“We might not fit in with the Belgians’ idea of design,” Smeets tells me. “Belgian design is often strict and minimalist, function is very present, and it’s sometimes more related to interior design or architecture.”
In contrast, Smeets and Tynagel combine art and design in a way that can be best described as the decorative arts, using materials as diverse as bronze, stained glass, iron and ceramic. Form does play a part, but the couple are playing with that idea rather than necessarily creating usable objects. Rules and slogans such as “form follows function” and “less is more” are duly dispensed with. As they put it, referring to the famous essay by Austrian architect Adolf Loos: “If ornament is a crime, we are design criminals. For sure.”
The design criminals, who work under the name Studio Job, opened their gallery last month with a collection of nine works they made between 2006 and 2009, brought together for the first time and appropriately entitled The Birth.
“We wanted to create an exhibition space that’s nearly perfect, and I think we’ve done that,” says Smeets, the Belgian half of the Belgian-Dutch duo who met at the Design Academy Eindhoven in the 1990s. “It’s more like a temple for us. It’s somewhere to come and sit down, somewhere sacred.”
Split onto two levels, the gallery’s plain, white walls are like an empty canvas against which the works can be carefully placed. Any traces of the site’s original use as a cigar factory are long gone. It’s now open, contemplative.
Perhaps this should be no surprise for a couple who, although belonging to no religion, love visiting churches. They enjoy the vast space inside, the colours and light of stained glass and the fact that a few hundred years ago they were so “crazy and expressive” in their creations.
“When we visit new cities, we always have a list of churches to visit,” Tynagel says, whose list of favourites includes Sainte-Chapelle in Paris. “In three days, we might visit, say, 30 churches.” The couple are such fans of stained glass windows that they designed one for their home: it depicts a portrait of themselves and acts as the divide between their living space and their workshops.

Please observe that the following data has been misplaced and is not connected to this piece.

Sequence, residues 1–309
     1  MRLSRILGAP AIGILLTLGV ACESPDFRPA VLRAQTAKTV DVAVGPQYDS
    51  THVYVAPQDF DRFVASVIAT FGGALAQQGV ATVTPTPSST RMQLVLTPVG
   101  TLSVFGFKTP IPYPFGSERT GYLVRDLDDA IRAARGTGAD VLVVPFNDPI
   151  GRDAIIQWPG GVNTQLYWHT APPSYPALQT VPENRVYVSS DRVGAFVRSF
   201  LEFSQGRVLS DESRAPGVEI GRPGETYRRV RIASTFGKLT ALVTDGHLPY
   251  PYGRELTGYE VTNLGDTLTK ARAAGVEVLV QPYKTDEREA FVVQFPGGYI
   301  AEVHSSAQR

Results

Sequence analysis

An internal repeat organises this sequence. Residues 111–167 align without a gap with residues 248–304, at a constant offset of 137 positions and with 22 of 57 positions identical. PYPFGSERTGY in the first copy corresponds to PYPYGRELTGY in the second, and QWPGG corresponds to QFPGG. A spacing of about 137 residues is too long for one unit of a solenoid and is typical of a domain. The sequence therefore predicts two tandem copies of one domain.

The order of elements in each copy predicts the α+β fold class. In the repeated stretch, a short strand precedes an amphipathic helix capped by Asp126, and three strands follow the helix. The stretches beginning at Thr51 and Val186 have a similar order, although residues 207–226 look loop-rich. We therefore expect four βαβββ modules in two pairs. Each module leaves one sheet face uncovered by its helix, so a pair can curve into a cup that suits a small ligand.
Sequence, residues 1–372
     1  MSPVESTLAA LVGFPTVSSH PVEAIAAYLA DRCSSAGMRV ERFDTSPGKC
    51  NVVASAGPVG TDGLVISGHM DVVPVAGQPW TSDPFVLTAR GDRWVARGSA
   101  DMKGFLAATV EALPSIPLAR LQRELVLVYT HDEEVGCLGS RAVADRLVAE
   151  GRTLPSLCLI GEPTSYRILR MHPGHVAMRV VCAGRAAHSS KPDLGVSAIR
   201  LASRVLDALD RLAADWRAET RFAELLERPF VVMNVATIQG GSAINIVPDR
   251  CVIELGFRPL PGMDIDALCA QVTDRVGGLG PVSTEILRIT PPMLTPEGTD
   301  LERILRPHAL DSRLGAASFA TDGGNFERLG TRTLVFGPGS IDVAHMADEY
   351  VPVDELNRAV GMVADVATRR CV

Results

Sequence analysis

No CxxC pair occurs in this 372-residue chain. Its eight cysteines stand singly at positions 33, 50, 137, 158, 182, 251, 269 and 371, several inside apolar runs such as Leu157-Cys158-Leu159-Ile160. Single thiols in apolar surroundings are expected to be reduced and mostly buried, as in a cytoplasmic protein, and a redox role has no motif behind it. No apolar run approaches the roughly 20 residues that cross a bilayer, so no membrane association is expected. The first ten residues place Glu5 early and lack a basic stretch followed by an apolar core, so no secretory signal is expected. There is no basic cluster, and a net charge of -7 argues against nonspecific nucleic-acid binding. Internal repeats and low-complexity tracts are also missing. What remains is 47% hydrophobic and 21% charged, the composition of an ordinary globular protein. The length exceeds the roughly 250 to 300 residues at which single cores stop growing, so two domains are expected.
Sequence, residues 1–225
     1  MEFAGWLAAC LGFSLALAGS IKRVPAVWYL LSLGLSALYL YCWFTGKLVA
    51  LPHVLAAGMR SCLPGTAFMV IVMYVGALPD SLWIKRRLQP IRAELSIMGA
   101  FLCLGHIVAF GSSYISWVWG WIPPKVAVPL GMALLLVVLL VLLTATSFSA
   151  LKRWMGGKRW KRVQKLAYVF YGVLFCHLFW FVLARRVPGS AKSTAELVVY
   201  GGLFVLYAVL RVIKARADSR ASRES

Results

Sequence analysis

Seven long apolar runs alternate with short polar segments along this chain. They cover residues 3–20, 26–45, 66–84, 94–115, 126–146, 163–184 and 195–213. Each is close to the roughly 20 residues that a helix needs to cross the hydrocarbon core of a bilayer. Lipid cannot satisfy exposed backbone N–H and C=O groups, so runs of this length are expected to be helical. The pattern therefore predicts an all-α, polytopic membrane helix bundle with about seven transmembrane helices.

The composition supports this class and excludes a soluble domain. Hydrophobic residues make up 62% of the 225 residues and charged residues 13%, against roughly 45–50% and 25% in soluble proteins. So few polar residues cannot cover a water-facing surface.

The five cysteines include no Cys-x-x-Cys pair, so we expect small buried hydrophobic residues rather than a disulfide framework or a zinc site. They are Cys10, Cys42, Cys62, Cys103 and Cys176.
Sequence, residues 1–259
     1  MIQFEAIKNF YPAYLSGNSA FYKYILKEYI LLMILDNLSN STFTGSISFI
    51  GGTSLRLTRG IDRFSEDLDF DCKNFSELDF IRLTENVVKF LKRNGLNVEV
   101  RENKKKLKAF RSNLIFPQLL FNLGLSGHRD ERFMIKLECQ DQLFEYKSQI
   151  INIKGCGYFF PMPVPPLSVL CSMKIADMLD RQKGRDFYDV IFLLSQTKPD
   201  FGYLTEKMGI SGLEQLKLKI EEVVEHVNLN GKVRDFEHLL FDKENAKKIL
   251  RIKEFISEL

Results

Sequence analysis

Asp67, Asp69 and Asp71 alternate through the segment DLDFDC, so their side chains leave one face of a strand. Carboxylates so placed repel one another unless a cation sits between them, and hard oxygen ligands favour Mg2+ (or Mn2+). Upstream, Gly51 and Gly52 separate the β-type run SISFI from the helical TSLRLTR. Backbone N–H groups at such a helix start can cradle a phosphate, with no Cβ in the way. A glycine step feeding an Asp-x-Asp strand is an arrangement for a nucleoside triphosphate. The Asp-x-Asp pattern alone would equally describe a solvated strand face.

Two stained-glass windows are also at the heart of the new exhibition. One of them, “The Birth”, is circular and has the Madonna and child at its centre. At first glance it looks like a traditional rose window found in a Catholic church. But look more closely, and you see that the traditional religious icon is surrounded by images from today’s world, such as test tubes and rockets. The other window is “The Crucifixion”, where similar images, ranging from nuclear plants and bombs to diamonds and four-leaf clovers, surround the central image of Jesus on the cross.
“We want to create our own contemporary landscape,” Smeets says, making a comparison with the Flemish Primitives and other artists in bygone centuries who took historical events as their theme and then placed them in a contemporary context.
“Their objects tell us more about their time than the work’s theme,” asserts Smeets. “When Rubens looked at his world, he saw beautiful forests, but we see this.”
It is this landscape that unites many of the couple’s seemingly distinct pieces. Whether it is a bronze cabinet carved with rockets, tools and insects or a ceramic pyramid with swastikas, skull and bones painted by hand, the designers’ pieces almost always depict aspects of modern society.
Acting as a bridge between “The Birth” and “The Crucifixion” are two dinner services with the title “The Last Supper”, one of ceramic, the other a larger sculpture of the same set made from corroded foundry iron.
The seed for this idea was planted on a trip to Moscow in the summer of 2008. Rummaging around a small flea market, they found a white ceramic dinner service, whose chunky form and thick round edges appealed to them. When they picked up the cups and plates and looked underneath, they found they were all stamped with the Nazi swastika. Possible connections started to form in their minds: they consider religion to be a form of propaganda and so hit upon the idea of combining the Nazi china and religion.
“There has to be a reason to come to a shape,” Smeets says. “We always search for the perfect form.”
Over the next few months, the couple set to work designing the hand-painted ceramic set, whose shape is directly inspired from the Nazi pieces, and the monumental iron sculpture whose surface looks like a coating of cocoa powder. That finish was in fact “a present from nature; we left the iron out in the rain to achieve this effect,” says Tynagel. Her partner adds: “Yes, it’s nice to use nature as your servant.”
With the brightly coloured “Crucifixion” mounted up on a frame and the iron sculpture of “The Last Supper” placed in front of it, it becomes almost like an altar: the two working in perfect harmony.
“We can exhibit however we want,” Smeets says, looking round the gallery with a smile. “We have created our own castle.”
Until 19 March
Begijnenvest 8, Antwerp